Directors: Jim McNaught, VE7JMN; Ralph Adams, VA7VZA; Bill Erlenbach, VE7EAF

"The Simple Build" 80, 40, 20 Meter EFHW Shorty Antenna





By Tim Wallace, VA7PD

Let's get started!

Whether your building an EFHW antenna for your yard or for portable use, this antenna will do the job for you very well and can be used horizontally or as a sloper. The entire length of the antenna is slightly less than 75 feet with the 80 meter portion providing 50 khz bandwidth. This project is modeled on M0MSN's 80m EFHW build on YouTube, thanks Mike!

Check out the photos to get a better understanding on how to build this cool project.

"The Simple Build" 64:1 EFHW antenna transformer (UnUn)





By Tim Wallace, VA7PD

Let's Get started!

Whether your building an EFHW antenna for 80 meters or for 20 meters, this transformer will do the job for you very well. Firstly you are going to need all components in the parts list, everything can be found on Amazon.ca and Mouser.ca. Check out the photos in detail to get a better understanding on how to build this cool project.

Step 1: Drill holes for and install the SO-239 or BNC connector, the stainless steel machine screw antenna connector and the ss machine screw ground connector.

Welcome to our newest club member!

I would like to introduce you to our newest KARC member Simon Rizzardo, VE7RIZ, from Merritt.  Simon has worked for Emcon Services with the Crushing and Heavy Haul Division for the last 21 years. This job involves a lot of travel which can see him driving all over BC and Alberta. He is active on 2m and 70cm and hosts an IRLP repeater from his residence in Merritt on 147.080+ T110.9
He is also a Transport Canada certified drone operator and holds a ROC-A certificate for aviation frequency. You will find Simon enjoying snowmobiling and off roading with his family in his free time.  As part of his work with Ministry of Transportation Simon is also well versed in the MOTI repeater system.  Simon checks into the different Nets when in Vancouver on the VE7RPT system and Northern Net when in the 100 Mile house area when at the cabin on Dempsey Lake. He looks forward to helping with work parties at Thynne Mt., Iron Mtn, and South Forge Mtn in the future.

If you hear Simon on the radio, please give him a call.

Welcome to the KARC, Simon, and thank you for becoming a member!


Electronic parts - looking for a new home!








The club has a new member, Mike Smith, who is not a licenced amateur but he joined the Kamloops Amateur Radio Club in order to make contact with like-minded electronics enthusiasts and to possibly learn some things about radio design. 

Mike worked in mining as a metallurgist for 37 years and has recently retired. He worked at mines all over most of Canada and has now settled in Kamloops for retirement. Mike has recently remarried and has children in Williams Lake and Kamloops, as well as two step-daughters.

Electronics has always been a hobby for Mike over the years and he has a patent on an electronic device from one of the mines he worked at. Now that he is retired and has the time now, he is currently setting up his electronics workshop and getting back into electronics as a retirement hobby that he is looking forward to. His favorite projects include building radios, alarm circuits, and high voltage generators of various styles. During the summer months he works in his garden growing herbs and vegetables.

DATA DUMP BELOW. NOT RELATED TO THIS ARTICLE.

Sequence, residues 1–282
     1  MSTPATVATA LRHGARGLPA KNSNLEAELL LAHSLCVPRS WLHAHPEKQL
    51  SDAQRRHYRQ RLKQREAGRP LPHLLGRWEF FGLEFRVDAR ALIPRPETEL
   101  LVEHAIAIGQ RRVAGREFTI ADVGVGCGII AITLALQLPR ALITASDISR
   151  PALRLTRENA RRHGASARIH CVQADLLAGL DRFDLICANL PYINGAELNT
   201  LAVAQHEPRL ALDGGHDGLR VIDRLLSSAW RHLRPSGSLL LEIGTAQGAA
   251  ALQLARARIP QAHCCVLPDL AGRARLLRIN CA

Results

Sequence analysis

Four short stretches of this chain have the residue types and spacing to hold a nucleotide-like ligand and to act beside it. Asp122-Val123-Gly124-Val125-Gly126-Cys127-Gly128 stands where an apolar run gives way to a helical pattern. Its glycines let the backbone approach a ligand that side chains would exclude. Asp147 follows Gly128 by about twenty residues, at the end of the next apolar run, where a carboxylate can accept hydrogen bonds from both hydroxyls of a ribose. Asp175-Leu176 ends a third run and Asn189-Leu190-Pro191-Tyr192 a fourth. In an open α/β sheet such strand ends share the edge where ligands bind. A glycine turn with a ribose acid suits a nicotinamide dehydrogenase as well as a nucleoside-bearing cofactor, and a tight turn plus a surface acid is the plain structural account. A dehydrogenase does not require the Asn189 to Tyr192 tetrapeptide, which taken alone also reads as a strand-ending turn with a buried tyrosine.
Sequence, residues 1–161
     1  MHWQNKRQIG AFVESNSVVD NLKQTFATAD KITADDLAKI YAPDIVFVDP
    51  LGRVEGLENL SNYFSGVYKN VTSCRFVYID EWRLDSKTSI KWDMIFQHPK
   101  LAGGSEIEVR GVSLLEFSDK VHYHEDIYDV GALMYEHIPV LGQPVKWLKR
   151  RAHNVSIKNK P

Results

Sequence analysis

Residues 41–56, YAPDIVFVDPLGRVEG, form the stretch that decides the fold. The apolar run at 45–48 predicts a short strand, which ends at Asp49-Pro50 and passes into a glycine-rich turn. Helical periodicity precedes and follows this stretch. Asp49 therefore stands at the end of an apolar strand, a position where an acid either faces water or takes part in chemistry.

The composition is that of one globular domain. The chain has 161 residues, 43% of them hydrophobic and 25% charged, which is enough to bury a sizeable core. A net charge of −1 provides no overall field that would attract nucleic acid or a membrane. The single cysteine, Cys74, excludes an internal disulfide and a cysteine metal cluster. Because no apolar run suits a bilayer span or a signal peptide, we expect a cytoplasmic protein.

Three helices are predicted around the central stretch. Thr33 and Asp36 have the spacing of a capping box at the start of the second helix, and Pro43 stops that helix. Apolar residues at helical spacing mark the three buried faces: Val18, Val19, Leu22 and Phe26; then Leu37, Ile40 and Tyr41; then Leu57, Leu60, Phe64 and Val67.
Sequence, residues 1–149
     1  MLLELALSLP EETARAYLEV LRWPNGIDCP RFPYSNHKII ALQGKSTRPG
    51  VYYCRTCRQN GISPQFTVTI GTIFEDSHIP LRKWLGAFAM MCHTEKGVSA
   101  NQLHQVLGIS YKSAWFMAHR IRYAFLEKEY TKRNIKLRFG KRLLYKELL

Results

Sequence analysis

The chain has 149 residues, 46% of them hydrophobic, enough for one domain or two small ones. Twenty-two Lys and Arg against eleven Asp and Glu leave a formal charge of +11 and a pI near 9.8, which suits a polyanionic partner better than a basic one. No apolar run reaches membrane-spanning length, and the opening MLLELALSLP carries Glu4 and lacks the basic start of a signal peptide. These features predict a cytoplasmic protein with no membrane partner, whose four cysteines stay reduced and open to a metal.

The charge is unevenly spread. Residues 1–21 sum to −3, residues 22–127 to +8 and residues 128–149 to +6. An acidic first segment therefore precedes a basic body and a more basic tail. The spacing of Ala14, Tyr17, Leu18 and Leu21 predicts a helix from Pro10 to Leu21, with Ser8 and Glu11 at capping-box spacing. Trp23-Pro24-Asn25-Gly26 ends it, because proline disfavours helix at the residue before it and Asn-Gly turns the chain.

Mike has a very extensive inventory of electronic components that he needs to downsize and would like to donate the parts to club members if they can be used by an electronics hobbyist such as himself.  Mike has very kindly organized the parts, and has put together two lists of "lots" available to KARC members.

Click the following links to view the PDF lists: Link 1   Link 2  There are sample photos of some of the lots below.

Mike will be joining us at the May 6 club meeting to introduce himself and answer any questions you might have about his huge list of items.

Welcome Mike!

VE7IRN and VE7LGN repeater update













On March 21 and 22 Myles, VE7FSR, visited the VE7LGN repeater on South Forge Mountain near Logan Lake, and the VE7IRN repeater on Iron Mountain near Merritt, to check on things and address some issues that had come up over the past few weeks.  The VE7LGN repeater was not working properly, or was working very sporadically, and the UPS at Iron Mountain was generating an error that could not be resolved remotely over the IP net.

Connecting with Family Through the Mt. Lolo Webcam

The club received a very interesting email this weekend which is worth sharing with our members.

Connecting with Family Through the Mt. Lolo Webcam


I'm not sure who will read this email, however I just wanted to say that because of the mountain top webcam your organization has on Mt. Lolo I am able to occasionally connect with my family back home in Toronto and share the passion of backcountry skiing with them. It's been hard not being able to travel back due to COVID, and even though nothing will replace seeing them in person, the live feed as I wave to them after I notify them that I am on the summit makes it easier.

Just wanted to say thanks,

- Robert (Kamloops)